Sounds, smells, tastes. How would you best describe summer?
Sounds, smells, tastes. How would you best describe summer? If I look back to my misspent youth, it’s the sound of the music from the ice cream truck six blocks away, the smell of a campfire at night, the taste of the ocean when a wave catches you by surprise. Summer was escape, a time to shift down and slow down. A time to mix gallons of Kool-Aid, roast marshmallows and clip baseball cards to the spokes of your bicycle. A time for puppy love at camp from someone who would leave you in September. A time for music where the boys of summer rule, summer lovin’ happens so fast and a summer breeze can make you feel fine, blowing through the jasmine in your mind.
As we celebrate summer in the Capital Region, I thought it might be fun to look back to the things I did as a child and see if any of these remind you of, well, you.
Camping – My dad worked at the Watervliet Arsenal, so when things shut down for two weeks in July everyone took a mandatory vacation. Money was tight for my parents so we packed up the tent and headed northwest for Caroga or Canada Lake. If you’ve never been tenting, I can tell you it’s a blast, except for three specific times: at night, when it rains and when nature calls.
You see, at night, the creatures of the forest come out with one goal: to eat you alive. To do it, they must penetrate your complex security system known as the tent flap. If your tent has just one hole the size of a grain of rice, the bugs will get in, swarm and leave just a skeleton behind.
When it rains, the water will bypass the small trench you’ve dug around your dwelling and wash you away. And, of course, nothing quite smells like wet burlap in the morning.
Then there’s the bathroom. Did I mention there isn’t one? You can find the nearest bush, or if you’re feeling especially brave, go to the community outhouse that all the other campers use. Dirty, full of slivers and often overrun with giant spiders. I think there were summers where my entire family didn’t, you know, for a whole week straight.
Swimming – I grew up in the city (Troy), where you were more likely to see Sasquatch playing Yahtzee in someone’s backyard than a built-in pool. That meant if you wanted to cool off you went to the public pool. The one my brothers and I would frequent was free in the morning and ten cents from noon until close. If that sounds cheap, you have to remember this was the early 70s, when candy bars were a dime and a bottle of Yoo-hoo was a just a quarter. The public pool was a microcosm for the real world every child would some day enter. Jocks over here, nerdy kids over there, and the cute girls always talking to the bad boys. The biggest thrill was getting up the nerve to jump off the high dive. I don’t think the jump was as bad as the long climb up the ladder.
As much fun as the pool could be, I spent more of those hot summer days at Crystal Lake in Averill Park. It only cost a buck or two for a carload of kids and my mom would pack peanut butter and jelly sandwiches for lunch. They had a long dock for fishing and a raft that sat 100 feet from shore. It was a right of passage for every child to someday swim all the way out. Of course, once you got there a bigger kid always tossed you off for fun.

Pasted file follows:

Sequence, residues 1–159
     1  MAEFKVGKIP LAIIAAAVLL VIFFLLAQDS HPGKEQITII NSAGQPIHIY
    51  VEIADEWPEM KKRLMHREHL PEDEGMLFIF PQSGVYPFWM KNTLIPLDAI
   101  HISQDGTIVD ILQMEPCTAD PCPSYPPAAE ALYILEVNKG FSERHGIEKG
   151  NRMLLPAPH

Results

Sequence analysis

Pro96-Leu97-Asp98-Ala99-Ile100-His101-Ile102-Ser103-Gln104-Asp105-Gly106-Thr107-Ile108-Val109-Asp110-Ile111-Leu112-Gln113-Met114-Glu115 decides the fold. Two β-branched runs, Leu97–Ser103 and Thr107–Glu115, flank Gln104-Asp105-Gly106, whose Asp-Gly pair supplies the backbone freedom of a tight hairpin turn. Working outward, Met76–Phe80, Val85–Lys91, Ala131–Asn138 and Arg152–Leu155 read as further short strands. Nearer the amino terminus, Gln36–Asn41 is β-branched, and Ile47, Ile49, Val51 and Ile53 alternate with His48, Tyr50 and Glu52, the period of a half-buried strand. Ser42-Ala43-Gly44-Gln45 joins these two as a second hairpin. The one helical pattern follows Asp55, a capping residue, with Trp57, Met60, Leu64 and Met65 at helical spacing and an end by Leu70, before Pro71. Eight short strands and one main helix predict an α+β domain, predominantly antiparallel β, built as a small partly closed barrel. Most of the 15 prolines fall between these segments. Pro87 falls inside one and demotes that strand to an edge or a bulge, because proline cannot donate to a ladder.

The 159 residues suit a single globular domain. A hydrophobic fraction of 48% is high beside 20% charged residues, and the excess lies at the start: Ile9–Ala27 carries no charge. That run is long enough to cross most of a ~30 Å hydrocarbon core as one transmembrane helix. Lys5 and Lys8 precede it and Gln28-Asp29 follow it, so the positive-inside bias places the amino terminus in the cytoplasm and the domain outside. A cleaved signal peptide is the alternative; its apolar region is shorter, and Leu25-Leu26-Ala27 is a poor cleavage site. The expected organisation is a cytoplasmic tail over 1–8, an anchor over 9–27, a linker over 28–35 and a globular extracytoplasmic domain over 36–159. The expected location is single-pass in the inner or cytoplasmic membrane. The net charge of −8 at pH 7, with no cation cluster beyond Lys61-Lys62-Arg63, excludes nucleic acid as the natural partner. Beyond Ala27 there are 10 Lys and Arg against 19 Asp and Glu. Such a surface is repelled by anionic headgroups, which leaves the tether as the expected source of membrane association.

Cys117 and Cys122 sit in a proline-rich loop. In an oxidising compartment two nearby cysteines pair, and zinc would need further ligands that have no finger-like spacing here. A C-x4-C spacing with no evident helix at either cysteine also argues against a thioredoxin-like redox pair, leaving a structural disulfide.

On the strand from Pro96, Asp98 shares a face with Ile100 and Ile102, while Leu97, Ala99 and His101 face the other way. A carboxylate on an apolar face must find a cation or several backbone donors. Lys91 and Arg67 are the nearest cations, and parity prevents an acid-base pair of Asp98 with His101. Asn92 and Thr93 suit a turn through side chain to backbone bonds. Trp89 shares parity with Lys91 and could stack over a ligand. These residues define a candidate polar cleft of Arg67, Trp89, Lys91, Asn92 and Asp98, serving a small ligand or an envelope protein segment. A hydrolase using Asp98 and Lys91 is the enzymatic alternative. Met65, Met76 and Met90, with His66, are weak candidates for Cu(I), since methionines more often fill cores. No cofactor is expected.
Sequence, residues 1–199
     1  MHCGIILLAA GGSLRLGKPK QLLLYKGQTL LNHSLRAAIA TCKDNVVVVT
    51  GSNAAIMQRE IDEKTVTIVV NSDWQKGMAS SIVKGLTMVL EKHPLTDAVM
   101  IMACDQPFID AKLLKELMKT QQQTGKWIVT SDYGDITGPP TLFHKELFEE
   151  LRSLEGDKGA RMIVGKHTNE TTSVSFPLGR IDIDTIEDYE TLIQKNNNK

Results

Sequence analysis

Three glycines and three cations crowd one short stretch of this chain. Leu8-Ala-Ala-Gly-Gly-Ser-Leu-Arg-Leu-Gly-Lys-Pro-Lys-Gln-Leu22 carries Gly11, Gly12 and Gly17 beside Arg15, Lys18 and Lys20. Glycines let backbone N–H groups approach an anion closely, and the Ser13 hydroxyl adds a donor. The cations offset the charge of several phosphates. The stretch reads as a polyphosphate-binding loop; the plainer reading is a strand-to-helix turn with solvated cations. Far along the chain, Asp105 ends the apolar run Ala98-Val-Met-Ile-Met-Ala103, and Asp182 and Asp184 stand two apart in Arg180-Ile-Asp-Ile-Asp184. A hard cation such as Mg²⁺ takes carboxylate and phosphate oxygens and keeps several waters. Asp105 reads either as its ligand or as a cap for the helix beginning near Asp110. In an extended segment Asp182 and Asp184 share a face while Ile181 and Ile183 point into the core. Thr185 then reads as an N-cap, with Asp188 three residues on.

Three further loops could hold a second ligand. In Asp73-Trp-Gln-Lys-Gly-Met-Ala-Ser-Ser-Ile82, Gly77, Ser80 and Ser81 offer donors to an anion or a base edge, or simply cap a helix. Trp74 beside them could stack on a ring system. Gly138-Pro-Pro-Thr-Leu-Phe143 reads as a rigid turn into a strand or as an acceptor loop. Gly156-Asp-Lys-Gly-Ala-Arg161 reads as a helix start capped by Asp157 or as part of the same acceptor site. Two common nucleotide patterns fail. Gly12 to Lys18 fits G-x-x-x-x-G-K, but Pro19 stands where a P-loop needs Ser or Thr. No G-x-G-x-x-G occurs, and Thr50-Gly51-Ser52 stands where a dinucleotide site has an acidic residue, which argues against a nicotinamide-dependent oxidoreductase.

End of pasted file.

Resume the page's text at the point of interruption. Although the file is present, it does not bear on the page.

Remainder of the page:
Baseball – If you’ve ever seen the movie “Sandlot”, this is exactly my life. A group of boys would meet up at Geer Field in South Troy with their torn jeans and crumpled caps and play pickup baseball every day. Unlike organized baseball, there was no umpire and you weren’t allowed to wait for a good pitch. If it was near the plate you’d better swing or by God someone would toss a bat at you. It was heaven. When you got thirsty there wasn’t any bottled Poland Spring; instead you searched the weeds for an old dirty soda bottle, rinsed it out at the nearby stream and took a drink. It’s amazing we didn’t end up in the emergency room.
Fort – Maybe it was a Troy thing. but summer was never complete if we didn’t gather up some scraps of wood, steal a few nails from Dad’s toolbox and build ourselves a fort. It was a ragtag structure about as comfortable as the electric chair, but we thought it was the Taj Mahal. It was there that I learned how to cuss, play poker and took my first taste of alcohol. Boone’s Farm Strawberry Hill, of course. When kids today want a fort their parents whip out the platinum card and buy some plastic contraption at Toys R Us. Trust me, it’s not the same. Every boy should know what it’s like to build his own fort from scratch.
A recent study found that, for the first time in a long time, the majority of Americans do not plan to take a vacation this summer because they simply can’t afford it. As sad as that sounds, I’m willing to bet all the money in my pocket that your best childhood summer memories carried little or no price tag. They involved friends and family and moments measured in laughter. Moments that are as fleeting as a lightening bug on a hot July night. So grab some before they’re gone.
John Gray is a Fox23 News anchor and contributing writer at the Troy Record. He can be reached at email@example.com